return st.*&Hack::c;
}
};

return Hack::container( st );
}
</code>


which does not involve any casting or conversions, he he.

The direct reason that this works is that

`&Hack::c` is of -- ta da! -- type `Container (Stack::*)`

because c is inherited from Stack.

Yes, believe it or not, the type of the result of the address operator
here depends on whether the argument is inherited:


<code>
#include <iostream>
#include <typeinfo>
using namespace std;

struct Base { int b; };
struct Derived: Base { double d; };

void show( char const expression[], char const value[] )
{
wcout << expression << " -> " << value << endl;
}

#define SHOW( e ) show( #e, typeid( e ).name() )

int main()
{
SHOW( &Base::b );
SHOW( &Derived::b );
SHOW( &Derived::d );
}
</code>

<output>
&Base::b -> int Base::*
&Derived::b -> int Base::*
&Derived::d -> double Derived::*
</output>


Now, as you can see this stuff is a little complicated and
counter-intuitive, well, maybe more than just a little complicated, and
as a logical consequence of the general behavior member pointers allow
you to /inadvertently/ circumvent the normal access rules, as shown in
the Stack hack.

But this means that I don't know the answer to your question.

For the member pointer your derived class is not allowed to obtain
directly, where it cannot do &Base:, it can obtain nearly as directly
via &Derived:. And very painlessly. So I think it's just a "language
wart", an undesirable but not very serious consequence of the rules, not
worth special casing to remove.


Cheers & hth.,

- Alf
 
Reply With Quote
 
K. Frank
Guest
Posts: n/a
 
      03-22-2012
Hello Alf!

Thank you. This is food for thought and very helpful.

On Mar 20, 7:08*pm, "Alf P. Steinbach" <alf.p.steinbach
(E-Mail Removed)> wrote:
> On 17.03.2012 16:29, K. Frank wrote:
> ...
> > pm_test.cpp:6: error: 'int pm_base::m' is protected
> > pm_test.cpp:13: error: within this context

> ...
> > * *protected: *// compiles if m is public
> > * * *int m; *// this is line 6
> > ...
> > * * *virtual void assign_pm() { pm =&pm_base::m; } *// this is line 13
> > ...

>
> An instance of a derived class does have full access to the public and
> protected members of any accessible base class part of itself.
>
> The ideal, to prevent "hacks"...
> ...
> This rule does not prevent intentional hacking. It is only about
> inadvertent (and then usually disastrous) access. As example, let's
> intentionally hack into the protected member "c" of a "std::stack", by
> just a little friendly static_cast'ing.
> ...
> <code>
> * * *#include <iostream> * * * * // std::wcout, std::endl
> * * *#include <stack> * * * * * *// std::stack
> * * *#include <utility> * * * * *// std::begin, std::end
> * * *using namespace std;
>
> * * *typedef stack<int> * * * * * * *Stack;
> * * *typedef Stack::container_type * Container;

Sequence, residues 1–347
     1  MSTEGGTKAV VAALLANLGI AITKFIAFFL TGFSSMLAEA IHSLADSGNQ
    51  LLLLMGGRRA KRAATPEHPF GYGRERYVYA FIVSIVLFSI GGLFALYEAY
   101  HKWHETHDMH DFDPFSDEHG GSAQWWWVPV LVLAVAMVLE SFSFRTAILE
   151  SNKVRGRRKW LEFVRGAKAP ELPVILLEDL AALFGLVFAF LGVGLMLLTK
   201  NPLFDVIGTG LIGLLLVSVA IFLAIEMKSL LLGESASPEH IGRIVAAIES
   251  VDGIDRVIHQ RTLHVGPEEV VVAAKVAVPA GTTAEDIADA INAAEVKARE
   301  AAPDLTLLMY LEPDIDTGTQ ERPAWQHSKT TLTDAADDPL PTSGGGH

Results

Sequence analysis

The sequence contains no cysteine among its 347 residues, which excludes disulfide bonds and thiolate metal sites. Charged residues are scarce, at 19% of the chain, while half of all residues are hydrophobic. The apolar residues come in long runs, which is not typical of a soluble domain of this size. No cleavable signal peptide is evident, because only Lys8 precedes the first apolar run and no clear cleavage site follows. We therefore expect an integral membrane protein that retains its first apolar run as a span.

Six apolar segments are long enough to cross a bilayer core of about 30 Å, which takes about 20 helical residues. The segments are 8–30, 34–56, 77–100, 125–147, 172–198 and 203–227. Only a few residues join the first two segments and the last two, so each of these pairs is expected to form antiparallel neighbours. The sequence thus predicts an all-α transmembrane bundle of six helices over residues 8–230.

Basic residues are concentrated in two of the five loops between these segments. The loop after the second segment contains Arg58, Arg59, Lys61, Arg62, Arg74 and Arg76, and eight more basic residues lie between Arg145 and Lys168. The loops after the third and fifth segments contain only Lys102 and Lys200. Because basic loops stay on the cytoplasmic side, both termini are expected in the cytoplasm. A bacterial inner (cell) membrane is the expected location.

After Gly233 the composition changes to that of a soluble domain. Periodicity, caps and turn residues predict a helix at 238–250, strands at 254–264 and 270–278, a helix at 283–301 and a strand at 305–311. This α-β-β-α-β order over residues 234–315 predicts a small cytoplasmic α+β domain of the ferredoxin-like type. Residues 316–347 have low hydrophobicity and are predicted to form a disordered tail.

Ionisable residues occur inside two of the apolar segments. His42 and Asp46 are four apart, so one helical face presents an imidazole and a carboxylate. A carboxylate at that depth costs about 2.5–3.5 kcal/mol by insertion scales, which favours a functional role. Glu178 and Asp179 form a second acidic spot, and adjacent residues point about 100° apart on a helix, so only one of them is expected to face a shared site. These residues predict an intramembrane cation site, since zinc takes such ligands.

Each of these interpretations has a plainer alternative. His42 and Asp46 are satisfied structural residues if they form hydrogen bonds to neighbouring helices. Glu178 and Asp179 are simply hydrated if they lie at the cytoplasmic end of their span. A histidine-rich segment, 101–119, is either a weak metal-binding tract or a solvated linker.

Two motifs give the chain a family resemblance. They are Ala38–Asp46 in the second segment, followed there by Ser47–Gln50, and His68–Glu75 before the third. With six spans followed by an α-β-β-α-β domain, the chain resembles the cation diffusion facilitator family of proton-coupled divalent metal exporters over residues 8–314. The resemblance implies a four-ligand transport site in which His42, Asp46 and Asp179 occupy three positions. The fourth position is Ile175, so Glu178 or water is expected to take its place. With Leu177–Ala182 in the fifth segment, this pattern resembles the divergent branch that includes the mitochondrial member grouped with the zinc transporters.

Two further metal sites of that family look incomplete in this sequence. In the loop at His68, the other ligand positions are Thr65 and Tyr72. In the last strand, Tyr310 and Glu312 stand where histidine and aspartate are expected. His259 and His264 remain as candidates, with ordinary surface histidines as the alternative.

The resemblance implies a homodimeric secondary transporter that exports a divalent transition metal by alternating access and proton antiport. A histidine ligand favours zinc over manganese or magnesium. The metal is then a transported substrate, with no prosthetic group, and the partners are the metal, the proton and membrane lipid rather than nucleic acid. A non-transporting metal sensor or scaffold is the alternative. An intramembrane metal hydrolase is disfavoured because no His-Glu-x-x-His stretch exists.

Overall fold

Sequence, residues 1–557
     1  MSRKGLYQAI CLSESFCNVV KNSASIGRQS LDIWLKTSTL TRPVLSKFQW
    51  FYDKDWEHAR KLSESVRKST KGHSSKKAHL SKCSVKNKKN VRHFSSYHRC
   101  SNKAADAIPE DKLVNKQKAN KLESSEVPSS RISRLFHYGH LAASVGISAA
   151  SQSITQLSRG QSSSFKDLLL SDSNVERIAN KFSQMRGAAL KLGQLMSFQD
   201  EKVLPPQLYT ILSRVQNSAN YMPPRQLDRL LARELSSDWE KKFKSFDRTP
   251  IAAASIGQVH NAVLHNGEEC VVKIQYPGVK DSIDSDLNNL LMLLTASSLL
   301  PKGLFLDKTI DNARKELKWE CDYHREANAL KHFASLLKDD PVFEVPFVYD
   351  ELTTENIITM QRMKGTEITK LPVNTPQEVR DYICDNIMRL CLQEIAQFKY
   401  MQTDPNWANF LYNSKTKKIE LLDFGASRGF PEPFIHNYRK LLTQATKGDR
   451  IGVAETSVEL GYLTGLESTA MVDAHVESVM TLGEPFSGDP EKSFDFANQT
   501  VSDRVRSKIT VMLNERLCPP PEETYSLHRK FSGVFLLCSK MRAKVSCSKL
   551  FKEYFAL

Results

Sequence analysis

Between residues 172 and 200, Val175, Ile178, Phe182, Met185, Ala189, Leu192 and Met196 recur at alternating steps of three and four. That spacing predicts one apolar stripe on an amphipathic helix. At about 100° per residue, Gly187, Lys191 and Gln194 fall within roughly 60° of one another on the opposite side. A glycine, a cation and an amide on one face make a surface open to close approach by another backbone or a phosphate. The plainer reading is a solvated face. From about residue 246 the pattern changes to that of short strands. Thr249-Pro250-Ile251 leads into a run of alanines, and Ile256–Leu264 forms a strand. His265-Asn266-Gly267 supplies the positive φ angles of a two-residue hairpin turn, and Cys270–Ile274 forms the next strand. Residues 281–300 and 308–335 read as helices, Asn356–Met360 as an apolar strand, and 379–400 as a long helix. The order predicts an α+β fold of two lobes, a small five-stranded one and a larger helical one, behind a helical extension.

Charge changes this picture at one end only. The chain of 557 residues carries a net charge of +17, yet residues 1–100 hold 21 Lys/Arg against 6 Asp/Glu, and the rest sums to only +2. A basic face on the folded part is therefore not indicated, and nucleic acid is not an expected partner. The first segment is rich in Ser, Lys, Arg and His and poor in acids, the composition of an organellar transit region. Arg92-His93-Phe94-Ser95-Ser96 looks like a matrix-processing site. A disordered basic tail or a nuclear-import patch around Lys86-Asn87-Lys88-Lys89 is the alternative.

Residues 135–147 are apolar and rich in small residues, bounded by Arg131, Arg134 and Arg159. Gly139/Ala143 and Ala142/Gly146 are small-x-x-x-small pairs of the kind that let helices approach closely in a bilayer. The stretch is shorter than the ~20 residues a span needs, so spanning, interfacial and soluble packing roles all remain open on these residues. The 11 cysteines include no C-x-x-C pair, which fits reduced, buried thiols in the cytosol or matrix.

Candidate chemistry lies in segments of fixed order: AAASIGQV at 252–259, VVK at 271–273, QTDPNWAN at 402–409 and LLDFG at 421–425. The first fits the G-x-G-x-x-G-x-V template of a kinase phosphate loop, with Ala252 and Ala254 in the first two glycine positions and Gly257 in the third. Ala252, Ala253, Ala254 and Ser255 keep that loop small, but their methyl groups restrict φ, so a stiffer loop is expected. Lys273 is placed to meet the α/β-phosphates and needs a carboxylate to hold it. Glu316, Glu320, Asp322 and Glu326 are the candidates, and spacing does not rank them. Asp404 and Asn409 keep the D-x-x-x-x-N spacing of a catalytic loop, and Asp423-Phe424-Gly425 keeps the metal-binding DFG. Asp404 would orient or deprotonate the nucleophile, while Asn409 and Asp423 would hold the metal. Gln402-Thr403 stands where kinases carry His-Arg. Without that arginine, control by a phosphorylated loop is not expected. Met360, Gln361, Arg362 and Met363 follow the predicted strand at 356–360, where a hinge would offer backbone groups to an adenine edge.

>
> * * *Container const& containerOf( Stack const& st )
> * * *{
> * * * * *struct Hack: Stack
> * * * * *{
> * * * * * * *static Container const& container( Stack const& st )
> * * * * * * *{
> * * * * * * * * *return static_cast<Hack const&>( st ).c;
> * * * * * * *}
> * * * * *};


I expect that this hack would work on most (all?) implementations.
But isn't it the case -- please correct me if I'm wrong -- that if
st, the argument to the static cast, refers only to a Stack, but
not, polymorphically, to an actual Hack, then the static cast to
Hack& yields technically undefined behavior?

>
> * * * * *return Hack::container( st );
> * * *}
> ...
> ...
> For the member pointer your derived class is not allowed to obtain
> directly, where it cannot do &Base:, it can obtain nearly as directly
> via &Derived:.


Yes, this makes sense. As I noted earlier in the thread,

:: I *am* able to
:: take a pointer-to-member of a protected member of the base
class
:: if I do it using a pointer-to-member of the derived class.

:: // this line doesn't compile
:: // virtual void assign_pm() { pm = &pm_base::m; }
:: // this line does
:: virtual void assign_pmd() { pmd = &pm_derived::m; }


> And very painlessly. So I think it's just a "language
> wart", an undesirable but not very serious consequence of the rules, not
> worth special casing to remove.


I am leaning towards the belief that this is a legitimate and
natural consequence (even if somewhat complicated and counter-
intuitive) of how the various rules interact, rather than an
oversight or flaw in the design. But I'm really not sure.
Perhaps there could have been a cleaner design in this corner
of the language.

> Cheers & hth.,
>
> - Alf


Thanks again for your explanations and detailed examples.


K. Frank
 
Reply With Quote
 
 
 
Reply

Thread Tools

Posting Rules
You may not post new threads
You may not post replies
You may not post attachments
You may not edit your posts

BB code is On
Smilies are On
[IMG] code is On
HTML code is Off
Trackbacks are On
Pingbacks are On
Refbacks are Off


Similar Threads
Thread Thread Starter Forum Replies Last Post
Can a sub-class (composite object) member function access private or protected members of base class? pkpatil@gmail.com C++ 2 06-09-2006 03:09 PM
When is a base class protected member not visible in a derived class? Andy Lomax C++ 5 06-30-2005 04:34 AM
Can Derived class static member access protected member from base class? Siemel Naran C++ 4 01-12-2005 06:46 PM
Is this right? Can't call protected member of base class from derivedclass method, for another object Asfand Yar Qazi C++ 17 09-12-2003 04:44 PM
Is this valid C++ (protected member of base accessed in derived class function) Shelly Adhikari C++ 3 09-10-2003 08:18 PM



Advertisments